Regarding the flies you mentioned, I think it's really important to identify them. For instance, we have small black flies (not blackfly) which do not eat the trees, but lay their eggs in the soil, so sometimes one can see the tiny maggots, especially when they get their wings and are learning to fly. Last year some white flies liked our pommegranate tree and a tomato plant so much it was horrendous trying to get rid of them. But I didn't use insecticide - they stuck to the tomato plant and I took it outside.

    To change to topic a little, last weekend I went to a Do-It-Yourself center and bought three thin wooden rods the height of a door. It was possible to have them cut to measure, so I put my finger on how high I wanted them and said, "Could you cut them here please." He looked at me truly confused, "You mean you're not going to give me a precise measurement?" Then I had to laugh, "Oh, it really doesn't matter. They're to prop up some grapefruit trees!" He grinned. So I got my sticks and now the tall grapefruit trees are not leaning in their pots anymore.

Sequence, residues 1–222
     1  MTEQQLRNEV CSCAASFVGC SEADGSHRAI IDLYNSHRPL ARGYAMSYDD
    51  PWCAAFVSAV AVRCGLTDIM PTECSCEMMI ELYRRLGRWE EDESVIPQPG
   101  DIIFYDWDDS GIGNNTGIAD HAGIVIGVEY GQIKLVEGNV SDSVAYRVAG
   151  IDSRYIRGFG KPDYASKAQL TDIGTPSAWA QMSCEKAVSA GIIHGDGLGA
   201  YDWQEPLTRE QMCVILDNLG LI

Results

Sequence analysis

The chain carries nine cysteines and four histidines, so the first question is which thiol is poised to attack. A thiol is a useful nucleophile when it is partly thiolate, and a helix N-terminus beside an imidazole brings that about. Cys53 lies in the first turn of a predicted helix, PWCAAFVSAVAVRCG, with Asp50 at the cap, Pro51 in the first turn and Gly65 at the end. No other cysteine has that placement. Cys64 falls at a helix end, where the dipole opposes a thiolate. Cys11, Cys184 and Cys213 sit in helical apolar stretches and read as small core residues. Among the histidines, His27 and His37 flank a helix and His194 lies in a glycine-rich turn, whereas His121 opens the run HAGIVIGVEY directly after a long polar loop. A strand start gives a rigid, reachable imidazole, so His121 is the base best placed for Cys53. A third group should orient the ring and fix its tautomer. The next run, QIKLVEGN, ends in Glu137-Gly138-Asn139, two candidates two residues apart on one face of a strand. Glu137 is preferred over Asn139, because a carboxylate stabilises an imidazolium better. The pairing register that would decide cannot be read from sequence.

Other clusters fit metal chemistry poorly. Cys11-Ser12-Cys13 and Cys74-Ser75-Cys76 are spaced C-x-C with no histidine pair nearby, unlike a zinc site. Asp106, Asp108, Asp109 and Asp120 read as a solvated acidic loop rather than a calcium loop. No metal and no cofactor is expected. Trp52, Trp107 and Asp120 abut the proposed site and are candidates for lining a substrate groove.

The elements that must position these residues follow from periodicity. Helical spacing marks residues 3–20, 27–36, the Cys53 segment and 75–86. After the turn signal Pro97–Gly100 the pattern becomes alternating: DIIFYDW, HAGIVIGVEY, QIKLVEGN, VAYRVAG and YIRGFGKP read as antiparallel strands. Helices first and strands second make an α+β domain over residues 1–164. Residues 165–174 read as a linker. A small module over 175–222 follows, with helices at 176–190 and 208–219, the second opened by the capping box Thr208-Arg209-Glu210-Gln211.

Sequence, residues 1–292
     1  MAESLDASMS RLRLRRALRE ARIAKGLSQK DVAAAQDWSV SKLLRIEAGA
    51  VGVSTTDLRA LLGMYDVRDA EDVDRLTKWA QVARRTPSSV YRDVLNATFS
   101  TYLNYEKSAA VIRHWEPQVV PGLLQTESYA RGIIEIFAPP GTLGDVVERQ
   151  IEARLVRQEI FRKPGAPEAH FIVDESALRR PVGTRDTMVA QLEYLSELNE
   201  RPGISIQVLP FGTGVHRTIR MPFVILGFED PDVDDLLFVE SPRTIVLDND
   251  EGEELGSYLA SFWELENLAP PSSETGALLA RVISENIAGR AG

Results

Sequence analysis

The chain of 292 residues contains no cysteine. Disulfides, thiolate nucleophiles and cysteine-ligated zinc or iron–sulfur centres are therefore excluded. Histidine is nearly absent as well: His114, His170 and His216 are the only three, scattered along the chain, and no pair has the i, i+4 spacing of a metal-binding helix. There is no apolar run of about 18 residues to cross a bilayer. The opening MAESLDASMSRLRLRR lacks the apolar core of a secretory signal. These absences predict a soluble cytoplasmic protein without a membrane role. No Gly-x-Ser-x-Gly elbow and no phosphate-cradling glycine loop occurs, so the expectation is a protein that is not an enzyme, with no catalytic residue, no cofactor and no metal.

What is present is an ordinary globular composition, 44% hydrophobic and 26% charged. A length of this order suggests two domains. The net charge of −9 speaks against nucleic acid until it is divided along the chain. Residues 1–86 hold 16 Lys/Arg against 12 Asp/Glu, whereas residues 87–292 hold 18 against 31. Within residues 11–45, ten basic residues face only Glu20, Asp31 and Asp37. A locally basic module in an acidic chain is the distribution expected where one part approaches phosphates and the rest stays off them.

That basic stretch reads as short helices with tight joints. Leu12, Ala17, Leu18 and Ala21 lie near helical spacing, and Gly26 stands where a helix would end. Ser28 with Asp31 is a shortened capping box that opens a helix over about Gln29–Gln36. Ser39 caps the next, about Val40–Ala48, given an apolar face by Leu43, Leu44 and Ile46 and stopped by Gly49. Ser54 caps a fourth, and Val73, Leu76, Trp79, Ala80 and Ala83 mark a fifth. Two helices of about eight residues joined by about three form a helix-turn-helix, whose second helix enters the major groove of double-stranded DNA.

Then I figured that the grapefruit trees did pretty well, growing so tall in three years and I realised that I was beginning to forget each plant's history. So we've decided to paint a picture of each and write down everything we know about it e.g. what plant (if we know), how old (if we remember) and whether it has been sprayed etc.
     
  8. LukeOut!

    LukeOut! Member

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    I've attached a couple shots of my Grapefruit trees with buds. They have all bloomed and fallen off, and about a half a dozen or so are growing into small little fruits. I hope they grow full size, but I'm happy that it bloomed.